When we fail to plan, we plan to fail. These wise words by Benjamin Franklin could be the warning cry of the sad results that can happen when a content marketing plan — and the pieces that it contains — is developed without spending time on clarifying the strategy. In other words, what’s the WHY behind why we’re doing it in the first place?
“Who has time for strategy?” said you and every marketer everywhere. “I’ve got a dozen posts to write, an A/B test analytics report to create, and an ad campaign to launch.”
So we launch into deliverable mode. We rush through the projects and check off as many things as possible as quickly as possible. Whew. Done. Good.
And then we wonder why our dozen random posts got little engagement and our hasty ad campaign resulted in zero sales. But we got things done. We checked off the boxes — and that’s what matters, right?
Maybe. And we’ve all been there when the pressure mounts to get so much done in so little time.
But maybe that’s not what matters.
Why the Why Matters
Maybe the thing that matters more than getting things done (and yes, that’s important, too) is contributing quality, not just more quantity, to the massive content stream that threatens to drown us all.
And maybe what we say matters more than how we say it. As Nick Usborne, a great content writer and teacher, says, the best writing in the world is wrong if it doesn’t meet the needs of the audience.
One way to find solid ground amid this rushing torrent is spending time on the strategy — the WHY of what we’re creating — before we create it.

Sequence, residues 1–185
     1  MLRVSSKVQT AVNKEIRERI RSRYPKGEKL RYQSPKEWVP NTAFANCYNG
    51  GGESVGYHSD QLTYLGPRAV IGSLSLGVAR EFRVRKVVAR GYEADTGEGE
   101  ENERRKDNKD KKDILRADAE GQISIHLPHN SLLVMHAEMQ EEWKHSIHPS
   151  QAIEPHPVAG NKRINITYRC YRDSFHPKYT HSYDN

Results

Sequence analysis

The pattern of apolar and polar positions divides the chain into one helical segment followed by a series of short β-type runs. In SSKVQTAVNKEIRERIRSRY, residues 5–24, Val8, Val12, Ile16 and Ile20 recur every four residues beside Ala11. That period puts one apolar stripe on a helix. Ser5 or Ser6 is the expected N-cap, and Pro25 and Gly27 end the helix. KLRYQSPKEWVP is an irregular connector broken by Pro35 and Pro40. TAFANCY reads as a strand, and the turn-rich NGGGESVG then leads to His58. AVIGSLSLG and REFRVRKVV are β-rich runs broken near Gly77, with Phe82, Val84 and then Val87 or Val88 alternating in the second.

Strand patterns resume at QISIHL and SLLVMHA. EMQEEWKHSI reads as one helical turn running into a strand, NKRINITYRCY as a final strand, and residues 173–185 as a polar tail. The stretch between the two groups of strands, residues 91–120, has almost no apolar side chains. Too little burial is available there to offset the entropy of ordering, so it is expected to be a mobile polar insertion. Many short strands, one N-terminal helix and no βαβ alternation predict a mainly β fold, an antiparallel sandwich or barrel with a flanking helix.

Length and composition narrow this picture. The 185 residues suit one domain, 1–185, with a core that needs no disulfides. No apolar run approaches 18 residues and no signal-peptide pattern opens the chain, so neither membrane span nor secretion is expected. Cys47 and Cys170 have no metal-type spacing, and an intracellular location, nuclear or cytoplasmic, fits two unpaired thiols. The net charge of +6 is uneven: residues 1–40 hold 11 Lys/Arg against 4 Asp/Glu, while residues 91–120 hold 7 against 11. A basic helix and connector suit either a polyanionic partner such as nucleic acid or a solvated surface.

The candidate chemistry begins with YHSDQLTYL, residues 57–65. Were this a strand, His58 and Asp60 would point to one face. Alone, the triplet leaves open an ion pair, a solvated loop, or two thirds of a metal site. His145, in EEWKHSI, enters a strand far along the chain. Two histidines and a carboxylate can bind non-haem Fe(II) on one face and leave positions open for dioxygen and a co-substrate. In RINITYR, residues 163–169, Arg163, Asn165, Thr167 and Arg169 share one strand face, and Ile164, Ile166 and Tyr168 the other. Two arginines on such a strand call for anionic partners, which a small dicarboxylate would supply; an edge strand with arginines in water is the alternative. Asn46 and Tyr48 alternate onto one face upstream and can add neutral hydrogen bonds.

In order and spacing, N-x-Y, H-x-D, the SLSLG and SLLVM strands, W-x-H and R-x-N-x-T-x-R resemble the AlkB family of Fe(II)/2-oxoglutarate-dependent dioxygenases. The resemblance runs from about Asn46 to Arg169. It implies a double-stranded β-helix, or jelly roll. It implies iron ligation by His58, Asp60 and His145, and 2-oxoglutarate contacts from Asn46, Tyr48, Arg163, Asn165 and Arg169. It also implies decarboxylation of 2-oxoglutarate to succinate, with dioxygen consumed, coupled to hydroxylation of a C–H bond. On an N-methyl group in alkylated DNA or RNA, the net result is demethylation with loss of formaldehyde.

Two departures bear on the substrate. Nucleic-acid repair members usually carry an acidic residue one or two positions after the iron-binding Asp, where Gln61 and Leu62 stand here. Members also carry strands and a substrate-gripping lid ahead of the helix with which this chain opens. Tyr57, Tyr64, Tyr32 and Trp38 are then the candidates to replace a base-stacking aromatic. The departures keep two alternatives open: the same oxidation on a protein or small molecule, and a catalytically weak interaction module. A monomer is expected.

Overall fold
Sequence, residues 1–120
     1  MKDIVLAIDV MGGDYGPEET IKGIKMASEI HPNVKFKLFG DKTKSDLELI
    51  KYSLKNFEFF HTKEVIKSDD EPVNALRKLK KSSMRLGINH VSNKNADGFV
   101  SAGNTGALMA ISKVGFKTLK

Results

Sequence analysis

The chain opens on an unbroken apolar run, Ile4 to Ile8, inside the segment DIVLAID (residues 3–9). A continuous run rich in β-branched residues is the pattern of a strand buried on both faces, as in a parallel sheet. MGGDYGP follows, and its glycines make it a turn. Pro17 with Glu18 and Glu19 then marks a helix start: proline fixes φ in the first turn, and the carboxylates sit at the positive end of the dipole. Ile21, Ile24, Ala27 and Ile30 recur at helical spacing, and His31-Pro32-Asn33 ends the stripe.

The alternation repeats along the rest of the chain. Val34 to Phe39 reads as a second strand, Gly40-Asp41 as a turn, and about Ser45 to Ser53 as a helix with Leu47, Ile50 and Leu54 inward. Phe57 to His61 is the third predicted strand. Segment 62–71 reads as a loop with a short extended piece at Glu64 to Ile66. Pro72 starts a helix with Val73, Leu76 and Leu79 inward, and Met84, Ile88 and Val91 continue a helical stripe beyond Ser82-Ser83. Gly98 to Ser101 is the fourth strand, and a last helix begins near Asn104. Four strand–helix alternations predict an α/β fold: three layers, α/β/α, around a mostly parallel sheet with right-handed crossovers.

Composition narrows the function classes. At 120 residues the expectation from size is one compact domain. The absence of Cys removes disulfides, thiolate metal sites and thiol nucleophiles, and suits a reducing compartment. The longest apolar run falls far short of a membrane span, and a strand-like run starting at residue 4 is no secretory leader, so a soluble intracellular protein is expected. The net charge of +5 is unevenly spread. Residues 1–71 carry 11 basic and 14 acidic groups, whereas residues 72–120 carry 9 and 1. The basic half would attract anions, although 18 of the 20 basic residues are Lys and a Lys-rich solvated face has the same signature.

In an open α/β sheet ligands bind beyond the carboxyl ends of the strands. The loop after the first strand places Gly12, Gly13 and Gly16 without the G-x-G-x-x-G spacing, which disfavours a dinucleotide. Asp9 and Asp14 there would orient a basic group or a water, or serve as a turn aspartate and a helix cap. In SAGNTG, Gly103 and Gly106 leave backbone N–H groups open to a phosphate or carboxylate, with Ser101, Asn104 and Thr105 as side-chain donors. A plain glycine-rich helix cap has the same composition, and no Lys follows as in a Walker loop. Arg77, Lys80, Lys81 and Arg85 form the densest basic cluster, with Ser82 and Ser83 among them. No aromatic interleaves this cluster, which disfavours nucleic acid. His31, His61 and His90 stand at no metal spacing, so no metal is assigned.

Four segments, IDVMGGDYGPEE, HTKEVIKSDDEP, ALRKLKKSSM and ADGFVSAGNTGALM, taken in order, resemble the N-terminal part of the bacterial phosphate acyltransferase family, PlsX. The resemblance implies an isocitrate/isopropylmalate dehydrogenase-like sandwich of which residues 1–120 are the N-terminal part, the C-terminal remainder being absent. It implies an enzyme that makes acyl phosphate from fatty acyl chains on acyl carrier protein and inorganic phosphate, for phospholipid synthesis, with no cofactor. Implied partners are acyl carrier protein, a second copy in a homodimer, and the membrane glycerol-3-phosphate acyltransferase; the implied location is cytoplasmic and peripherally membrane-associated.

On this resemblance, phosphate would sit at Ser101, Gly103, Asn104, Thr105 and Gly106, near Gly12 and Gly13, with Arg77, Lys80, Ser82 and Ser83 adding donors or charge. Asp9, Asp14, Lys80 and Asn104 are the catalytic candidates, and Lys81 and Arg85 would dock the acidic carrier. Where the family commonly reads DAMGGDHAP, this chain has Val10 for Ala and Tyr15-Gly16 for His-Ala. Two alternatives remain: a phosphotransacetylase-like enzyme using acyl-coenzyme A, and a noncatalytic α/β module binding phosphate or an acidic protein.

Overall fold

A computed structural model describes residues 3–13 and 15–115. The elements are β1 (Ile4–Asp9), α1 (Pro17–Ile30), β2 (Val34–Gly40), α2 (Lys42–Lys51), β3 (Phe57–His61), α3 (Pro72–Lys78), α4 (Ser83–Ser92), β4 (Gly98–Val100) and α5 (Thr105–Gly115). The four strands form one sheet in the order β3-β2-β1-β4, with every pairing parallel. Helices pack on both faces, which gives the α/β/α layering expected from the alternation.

Yet, doesn’t it often seems like a luxury to take some time to think strategically when the deadline waters are rising?
But we need to build the boat before we leave the dock, and a simple way to start is to return to the foundation of content marketing and why we’re doing it in the first place.
Just What Is Content Marketing?
At its core, content marketing pulls in a reader because he or she finds value in the content, whether it’s the message, the learning, the emotion, or the help it provides.
When our content is compelling in a way that matters to our reader, then good can happen. Slowly, as they gain more trust that what we share will continue to have value to them, that’s when good can happen.
When we create enough thoughtful content and publish it consistently, our reader may become a fan, then purchase one of our products, then share our message with friends, and later on, may just become one of our biggest advocates.
That’s when we know we’ve succeeded. When our customer trusts us as a source of something they value.
And that journey from not knowing us at all to trusting us through a long-term relationship of providing value is our goal when we’re helping to promote a business, whether it’s a client’s business or our own.
Why Is Content Marketing Strategy Important?
Strategy is the plan that leads to success for our content and our business.
Strategy gives our content wings to fly and reach more people. We realistically have only a finite amount of time in which to create a finite amount of content. When we spend our time creating content that doesn’t matter to our reader, we’ve squandered that precious time and used it to create something that won’t resonate. Even worse, if our reader gets enough of this unvaluable content, he our she may leave and never come back.
If we want our reader to stay and become more and more engaged, our content needs to stand out from the noise. We need to be sure it meets what the audience needs.
Content Marketing Strategy Tips and Questions to Ponder
Before we start to create a piece of content, we can build in a few minutes to process and ponder some questions.
Is it to provide additional value through free information? To further establish the reader’s trust in our company as a preferred provider of this product or service? To help the reader choose to buy after trust has been developed? To motivate a second sale? To encourage the reader to share the information with a friend?
It's Your Turn
Planning to succeed by allowing time for strategy need only take a few minutes. When we’ve clarified Why we’re creating this piece, the How will come easily.
What are some of the questions you can ask before creating content?